The Kennedy half dollar was authorized by Congress shortly after his assassination and was first minted in 1964. The coin was rarely seen in circulation because people hoarding the coin as a memento of the late President. The treasury originally planned to issue 91 million of the Kennedy half dollars in 1964 but due to overwhelming demand the number was raised to 141 million. By November of 1964, about 160 million coins had been struck. Being minted for only one year, the 1964 Kennedy half dollar is highly desirable by collectors and fans of the 35th President of the United States.
The first year of the Kennedy half dollar is the only year the coin was minted containing 90% silver. Many of these 1964 issued coins have been melted for their silver content. The silver content of the coin was reduced to 40% beginning in 1965 and in 1971 silver was completely eliminated from the coins.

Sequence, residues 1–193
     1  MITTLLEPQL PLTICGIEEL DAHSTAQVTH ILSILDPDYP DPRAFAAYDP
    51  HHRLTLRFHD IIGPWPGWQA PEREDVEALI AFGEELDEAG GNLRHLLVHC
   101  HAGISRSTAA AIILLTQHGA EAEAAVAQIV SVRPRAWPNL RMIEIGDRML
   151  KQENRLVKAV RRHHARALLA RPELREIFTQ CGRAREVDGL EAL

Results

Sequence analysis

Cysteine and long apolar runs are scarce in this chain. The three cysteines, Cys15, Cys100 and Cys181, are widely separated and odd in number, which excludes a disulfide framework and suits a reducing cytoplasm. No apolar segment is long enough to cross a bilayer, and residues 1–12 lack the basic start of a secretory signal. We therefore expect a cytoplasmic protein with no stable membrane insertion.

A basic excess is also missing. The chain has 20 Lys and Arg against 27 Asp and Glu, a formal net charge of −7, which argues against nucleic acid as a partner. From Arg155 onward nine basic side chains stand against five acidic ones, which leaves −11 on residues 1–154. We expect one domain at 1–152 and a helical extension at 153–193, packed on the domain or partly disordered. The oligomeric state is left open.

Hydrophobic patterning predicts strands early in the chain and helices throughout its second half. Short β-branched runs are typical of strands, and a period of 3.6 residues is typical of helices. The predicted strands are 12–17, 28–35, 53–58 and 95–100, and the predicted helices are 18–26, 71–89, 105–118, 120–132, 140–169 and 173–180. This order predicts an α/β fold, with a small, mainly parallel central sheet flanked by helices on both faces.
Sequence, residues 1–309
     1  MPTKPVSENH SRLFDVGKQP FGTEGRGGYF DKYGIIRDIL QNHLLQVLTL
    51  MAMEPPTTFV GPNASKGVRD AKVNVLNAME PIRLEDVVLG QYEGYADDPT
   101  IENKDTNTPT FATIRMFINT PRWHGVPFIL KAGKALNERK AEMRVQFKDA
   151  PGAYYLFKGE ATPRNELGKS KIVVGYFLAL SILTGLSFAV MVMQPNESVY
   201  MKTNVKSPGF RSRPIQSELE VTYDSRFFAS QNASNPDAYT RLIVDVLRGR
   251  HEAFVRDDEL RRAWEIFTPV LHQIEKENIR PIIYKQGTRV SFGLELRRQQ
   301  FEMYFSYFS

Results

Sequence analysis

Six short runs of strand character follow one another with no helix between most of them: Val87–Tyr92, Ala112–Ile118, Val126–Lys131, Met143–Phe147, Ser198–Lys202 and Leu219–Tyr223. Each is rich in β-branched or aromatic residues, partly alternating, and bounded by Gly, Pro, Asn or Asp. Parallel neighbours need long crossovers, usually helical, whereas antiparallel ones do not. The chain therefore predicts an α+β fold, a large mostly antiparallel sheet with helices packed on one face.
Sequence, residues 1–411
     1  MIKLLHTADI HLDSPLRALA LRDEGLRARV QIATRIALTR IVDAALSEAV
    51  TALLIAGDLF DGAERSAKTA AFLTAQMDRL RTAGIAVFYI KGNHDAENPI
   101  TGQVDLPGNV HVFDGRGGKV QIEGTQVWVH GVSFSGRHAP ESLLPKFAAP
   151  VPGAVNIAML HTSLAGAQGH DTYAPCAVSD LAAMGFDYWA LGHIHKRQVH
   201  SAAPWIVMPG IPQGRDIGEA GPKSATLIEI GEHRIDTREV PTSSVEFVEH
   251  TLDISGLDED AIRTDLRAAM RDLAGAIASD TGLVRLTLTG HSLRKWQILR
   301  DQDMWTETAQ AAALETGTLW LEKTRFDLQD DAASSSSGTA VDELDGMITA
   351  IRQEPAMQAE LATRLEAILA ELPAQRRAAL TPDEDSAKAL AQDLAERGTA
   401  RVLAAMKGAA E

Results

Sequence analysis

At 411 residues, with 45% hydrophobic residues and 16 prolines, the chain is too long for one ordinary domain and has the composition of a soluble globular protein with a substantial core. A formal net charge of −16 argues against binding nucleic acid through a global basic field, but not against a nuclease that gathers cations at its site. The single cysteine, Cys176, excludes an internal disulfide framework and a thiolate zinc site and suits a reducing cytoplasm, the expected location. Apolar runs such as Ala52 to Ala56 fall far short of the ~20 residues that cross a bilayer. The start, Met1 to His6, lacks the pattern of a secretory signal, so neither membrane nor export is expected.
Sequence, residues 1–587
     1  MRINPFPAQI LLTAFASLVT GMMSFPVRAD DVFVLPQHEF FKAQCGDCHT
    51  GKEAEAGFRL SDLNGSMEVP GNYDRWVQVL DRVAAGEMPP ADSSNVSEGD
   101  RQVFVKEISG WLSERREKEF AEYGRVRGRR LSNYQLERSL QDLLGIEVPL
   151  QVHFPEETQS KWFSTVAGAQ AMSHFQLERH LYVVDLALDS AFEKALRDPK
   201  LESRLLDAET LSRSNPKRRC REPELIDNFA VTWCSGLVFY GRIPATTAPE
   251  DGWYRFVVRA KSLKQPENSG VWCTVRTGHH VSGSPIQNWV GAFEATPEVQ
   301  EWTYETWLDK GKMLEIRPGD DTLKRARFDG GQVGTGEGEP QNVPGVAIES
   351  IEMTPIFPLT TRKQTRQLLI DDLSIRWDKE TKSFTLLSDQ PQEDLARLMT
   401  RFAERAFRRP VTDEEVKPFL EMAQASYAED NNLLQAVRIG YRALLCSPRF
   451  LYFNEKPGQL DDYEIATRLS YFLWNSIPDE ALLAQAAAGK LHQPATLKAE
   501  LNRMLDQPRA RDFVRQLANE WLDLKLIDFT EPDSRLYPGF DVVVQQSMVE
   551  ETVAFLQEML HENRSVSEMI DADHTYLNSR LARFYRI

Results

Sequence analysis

All coins are dated 1964 from either the Philadelphia or Denver Mint
Each roll contains 7.15 oz of 90% silver
Obverse is the iconic profile portrait of John F. Kennedy
Reverse features the seal of the United States
Junk silver refers to silver coins minted before 1965 that contain 90% silver content. The value of these coins are from the bullion value of precious metal content of the coin and not from the collectability of the coin. Beginning in 1965 silver coins minted in the United States contained more copper and nickel and less silver.